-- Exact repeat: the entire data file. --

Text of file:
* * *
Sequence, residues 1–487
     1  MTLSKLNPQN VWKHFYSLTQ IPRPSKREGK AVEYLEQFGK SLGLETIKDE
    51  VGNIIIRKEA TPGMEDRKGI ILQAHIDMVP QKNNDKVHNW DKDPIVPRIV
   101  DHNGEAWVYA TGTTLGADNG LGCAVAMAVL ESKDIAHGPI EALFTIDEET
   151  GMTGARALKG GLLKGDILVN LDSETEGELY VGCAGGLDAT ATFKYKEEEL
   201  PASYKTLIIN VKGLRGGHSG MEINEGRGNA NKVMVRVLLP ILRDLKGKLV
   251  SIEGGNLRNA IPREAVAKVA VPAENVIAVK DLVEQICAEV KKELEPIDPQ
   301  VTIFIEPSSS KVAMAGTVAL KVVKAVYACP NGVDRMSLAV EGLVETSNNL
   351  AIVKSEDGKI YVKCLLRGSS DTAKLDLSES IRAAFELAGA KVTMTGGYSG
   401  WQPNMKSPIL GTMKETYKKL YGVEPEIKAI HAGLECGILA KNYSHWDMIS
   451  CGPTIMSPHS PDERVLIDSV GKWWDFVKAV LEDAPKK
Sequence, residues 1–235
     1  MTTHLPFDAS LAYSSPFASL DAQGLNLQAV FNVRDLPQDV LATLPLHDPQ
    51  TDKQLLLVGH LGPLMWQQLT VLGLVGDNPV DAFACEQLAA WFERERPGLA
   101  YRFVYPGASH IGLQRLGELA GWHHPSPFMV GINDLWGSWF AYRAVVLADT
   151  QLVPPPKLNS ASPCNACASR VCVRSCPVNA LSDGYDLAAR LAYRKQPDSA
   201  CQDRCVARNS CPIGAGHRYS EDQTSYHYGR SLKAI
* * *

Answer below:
Sequence, residues 1–487
     1  MTLSKLNPQN VWKHFYSLTQ IPRPSKREGK AVEYLEQFGK SLGLETIKDE
    51  VGNIIIRKEA TPGMEDRKGI ILQAHIDMVP QKNNDKVHNW DKDPIVPRIV
   101  DHNGEAWVYA TGTTLGADNG LGCAVAMAVL ESKDIAHGPI EALFTIDEET
   151  GMTGARALKG GLLKGDILVN LDSETEGELY VGCAGGLDAT ATFKYKEEEL
   201  PASYKTLIIN VKGLRGGHSG MEINEGRGNA NKVMVRVLLP ILRDLKGKLV
   251  SIEGGNLRNA IPREAVAKVA VPAENVIAVK DLVEQICAEV KKELEPIDPQ
   301  VTIFIEPSSS KVAMAGTVAL KVVKAVYACP NGVDRMSLAV EGLVETSNNL
   351  AIVKSEDGKI YVKCLLRGSS DTAKLDLSES IRAAFELAGA KVTMTGGYSG
   401  WQPNMKSPIL GTMKETYKKL YGVEPEIKAI HAGLECGILA KNYSHWDMIS
   451  CGPTIMSPHS PDERVLIDSV GKWWDFVKAV LEDAPKK
Sequence, residues 1–235
     1  MTTHLPFDAS LAYSSPFASL DAQGLNLQAV FNVRDLPQDV LATLPLHDPQ
    51  TDKQLLLVGH LGPLMWQQLT VLGLVGDNPV DAFACEQLAA WFERERPGLA
   101  YRFVYPGASH IGLQRLGELA GWHHPSPFMV GINDLWGSWF AYRAVVLADT
   151  QLVPPPKLNS ASPCNACASR VCVRSCPVNA LSDGYDLAAR LAYRKQPDSA
   201  CQDRCVARNS CPIGAGHRYS EDQTSYHYGR SLKAI